Documentation of hepatitis B vaccination for health care students may fall short of current recommendations, says a study in the August issue of Infection Control and Hospital Epidemiology, the journal of the Society for Healthcare Epidemiology of America (SHEA).
Researchers led by Dr. Rania Tohme of the Centers for Disease Control and Prevention (CDC) analyzed hepatitis B immunization records of 4,075 health care students who matriculated at a university in the southeastern U.S. between January 2000 and January 2010. The study found that only 59.8 percent of students had documentation of complete vaccination against hepatitis B, and that only 83.8 percent were protected against hepatitis B infection when tested for the presence of hepatitis B antibodies. These rates are lower than the U.S. government's Healthy People 2010 goal of 90 percent hepatitis B vaccination coverage among health care workers.
The study also found that very few students had been vaccinated during childhood according to the CDC and the Advisory Committee for Immunization Practices (ACIP) recommendations in effect at the time. In 1995, CDC and ACIP recommended routine vaccination of previously unvaccinated children aged 11-12 years, and vaccination for all children 18 and under in 1999. However, the majority of students with documented vaccination were only recently vaccinated, either during or a few years prior to matriculation.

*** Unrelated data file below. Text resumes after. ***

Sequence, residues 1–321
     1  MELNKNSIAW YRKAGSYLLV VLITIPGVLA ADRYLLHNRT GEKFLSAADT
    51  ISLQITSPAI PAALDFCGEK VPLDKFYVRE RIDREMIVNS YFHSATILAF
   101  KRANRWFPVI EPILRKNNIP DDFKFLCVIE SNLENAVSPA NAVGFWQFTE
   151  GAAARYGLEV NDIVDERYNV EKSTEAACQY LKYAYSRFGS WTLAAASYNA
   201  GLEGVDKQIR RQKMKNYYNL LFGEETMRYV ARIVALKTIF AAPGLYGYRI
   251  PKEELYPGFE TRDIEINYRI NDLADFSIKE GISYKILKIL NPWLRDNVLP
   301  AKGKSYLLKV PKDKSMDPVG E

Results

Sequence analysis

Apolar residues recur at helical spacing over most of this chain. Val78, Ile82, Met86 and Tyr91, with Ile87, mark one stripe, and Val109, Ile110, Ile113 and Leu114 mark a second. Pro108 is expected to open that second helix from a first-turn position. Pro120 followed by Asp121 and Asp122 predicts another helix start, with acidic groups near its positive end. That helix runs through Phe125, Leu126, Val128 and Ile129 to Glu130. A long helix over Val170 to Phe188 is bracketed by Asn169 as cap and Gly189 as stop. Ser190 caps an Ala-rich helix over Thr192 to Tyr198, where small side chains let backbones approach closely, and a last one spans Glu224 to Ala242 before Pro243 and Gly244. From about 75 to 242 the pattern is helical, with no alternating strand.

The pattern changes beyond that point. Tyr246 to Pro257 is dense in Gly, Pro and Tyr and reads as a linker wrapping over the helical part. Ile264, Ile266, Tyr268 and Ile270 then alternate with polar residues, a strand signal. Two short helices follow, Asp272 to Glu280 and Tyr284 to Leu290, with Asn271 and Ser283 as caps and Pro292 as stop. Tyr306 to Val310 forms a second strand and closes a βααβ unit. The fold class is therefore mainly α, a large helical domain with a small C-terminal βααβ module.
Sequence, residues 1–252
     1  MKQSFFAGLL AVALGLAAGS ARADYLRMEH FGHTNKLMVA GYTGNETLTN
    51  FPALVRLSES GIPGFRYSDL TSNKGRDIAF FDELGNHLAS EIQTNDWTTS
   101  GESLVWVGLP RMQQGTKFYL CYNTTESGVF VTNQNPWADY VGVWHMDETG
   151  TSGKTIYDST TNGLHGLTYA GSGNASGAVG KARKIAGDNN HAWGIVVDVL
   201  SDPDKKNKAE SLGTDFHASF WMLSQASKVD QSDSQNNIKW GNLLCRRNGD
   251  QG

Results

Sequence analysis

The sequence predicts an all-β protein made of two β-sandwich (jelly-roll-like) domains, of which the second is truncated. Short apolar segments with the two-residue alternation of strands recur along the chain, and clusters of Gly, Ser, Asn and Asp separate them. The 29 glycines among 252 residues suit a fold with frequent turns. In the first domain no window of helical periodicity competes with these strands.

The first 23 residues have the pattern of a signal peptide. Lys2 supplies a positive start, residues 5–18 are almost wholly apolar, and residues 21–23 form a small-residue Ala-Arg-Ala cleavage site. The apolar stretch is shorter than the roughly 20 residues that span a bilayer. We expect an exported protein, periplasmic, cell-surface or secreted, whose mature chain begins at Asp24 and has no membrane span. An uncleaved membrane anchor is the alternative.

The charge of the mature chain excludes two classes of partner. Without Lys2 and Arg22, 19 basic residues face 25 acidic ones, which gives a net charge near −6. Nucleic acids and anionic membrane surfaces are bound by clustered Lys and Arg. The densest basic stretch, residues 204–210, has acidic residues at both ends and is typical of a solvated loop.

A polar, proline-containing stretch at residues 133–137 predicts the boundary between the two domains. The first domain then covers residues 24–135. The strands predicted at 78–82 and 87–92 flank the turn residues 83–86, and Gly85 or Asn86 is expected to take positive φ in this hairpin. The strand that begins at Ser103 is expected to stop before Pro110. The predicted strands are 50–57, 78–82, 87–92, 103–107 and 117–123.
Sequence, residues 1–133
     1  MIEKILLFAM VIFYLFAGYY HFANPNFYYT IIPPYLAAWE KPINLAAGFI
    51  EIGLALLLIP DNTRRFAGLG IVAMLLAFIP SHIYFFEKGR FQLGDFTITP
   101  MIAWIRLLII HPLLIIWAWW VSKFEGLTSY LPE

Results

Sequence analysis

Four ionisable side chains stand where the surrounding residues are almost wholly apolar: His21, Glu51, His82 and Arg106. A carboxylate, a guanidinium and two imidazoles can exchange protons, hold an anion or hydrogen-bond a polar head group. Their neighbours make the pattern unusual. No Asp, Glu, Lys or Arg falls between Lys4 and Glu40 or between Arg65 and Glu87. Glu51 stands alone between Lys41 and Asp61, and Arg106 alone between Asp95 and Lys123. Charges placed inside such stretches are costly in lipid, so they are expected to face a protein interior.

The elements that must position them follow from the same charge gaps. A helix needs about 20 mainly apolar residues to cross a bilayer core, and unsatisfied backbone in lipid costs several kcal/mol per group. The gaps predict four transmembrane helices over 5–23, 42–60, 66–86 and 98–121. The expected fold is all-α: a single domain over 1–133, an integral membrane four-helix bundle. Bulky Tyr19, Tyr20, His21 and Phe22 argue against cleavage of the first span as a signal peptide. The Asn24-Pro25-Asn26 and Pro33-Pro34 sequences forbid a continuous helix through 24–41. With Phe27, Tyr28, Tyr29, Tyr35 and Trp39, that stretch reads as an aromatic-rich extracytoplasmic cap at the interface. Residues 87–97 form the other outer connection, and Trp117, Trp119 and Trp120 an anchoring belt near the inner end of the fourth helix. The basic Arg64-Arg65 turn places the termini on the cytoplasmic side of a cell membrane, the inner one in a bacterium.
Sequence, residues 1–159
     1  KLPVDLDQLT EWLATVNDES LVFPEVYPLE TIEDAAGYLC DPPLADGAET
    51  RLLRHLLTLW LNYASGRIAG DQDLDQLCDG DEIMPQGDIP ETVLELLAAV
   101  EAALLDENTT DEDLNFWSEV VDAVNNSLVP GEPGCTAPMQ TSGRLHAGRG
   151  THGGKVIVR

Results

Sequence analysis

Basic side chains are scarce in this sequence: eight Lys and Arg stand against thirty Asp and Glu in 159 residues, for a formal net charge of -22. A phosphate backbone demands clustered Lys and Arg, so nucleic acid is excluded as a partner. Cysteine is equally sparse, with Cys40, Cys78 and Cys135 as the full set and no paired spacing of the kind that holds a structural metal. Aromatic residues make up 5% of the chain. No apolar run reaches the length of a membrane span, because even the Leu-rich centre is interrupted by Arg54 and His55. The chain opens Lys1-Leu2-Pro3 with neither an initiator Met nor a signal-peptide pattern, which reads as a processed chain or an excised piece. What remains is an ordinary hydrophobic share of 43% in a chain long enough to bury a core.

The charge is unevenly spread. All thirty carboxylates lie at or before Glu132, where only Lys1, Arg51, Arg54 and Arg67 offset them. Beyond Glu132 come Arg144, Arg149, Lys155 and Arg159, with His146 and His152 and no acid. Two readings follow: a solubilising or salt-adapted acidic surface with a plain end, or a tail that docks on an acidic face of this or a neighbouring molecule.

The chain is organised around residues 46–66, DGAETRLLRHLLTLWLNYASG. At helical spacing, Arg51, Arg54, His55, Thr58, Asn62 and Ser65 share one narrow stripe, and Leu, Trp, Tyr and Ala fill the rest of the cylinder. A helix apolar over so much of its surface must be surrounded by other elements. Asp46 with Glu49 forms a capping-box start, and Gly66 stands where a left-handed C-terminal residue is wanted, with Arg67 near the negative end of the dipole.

CDC and ACIP currently recommend vaccinating all infants at birth, as well as all adolescents and at-risk adults who have not yet received the vaccine. Additionally, all health care workers who may be exposed to blood or blood-contaminated products should be both vaccinated for hepatitis B and tested for antibodies to ensure protection against infection.
Although health care students are exposed during their training to blood-borne pathogens, including hepatitis B, little or no information was available regarding hepatitis B vaccination coverage at matriculation among this group in the United States prior to the publication of this study, the researchers say.
Health care students are at risk of exposure to hepatitis B virus during their training and later during their career. Previous studies have documented frequent needle stick injuries among medical students, with 8 percent of occurrences involving a known hepatitis B carrier. Therefore, vaccination and documentation of protection would help decrease risk of infection.
The researchers caution that these results are limited to one university, and may not be generalizable to other institutions.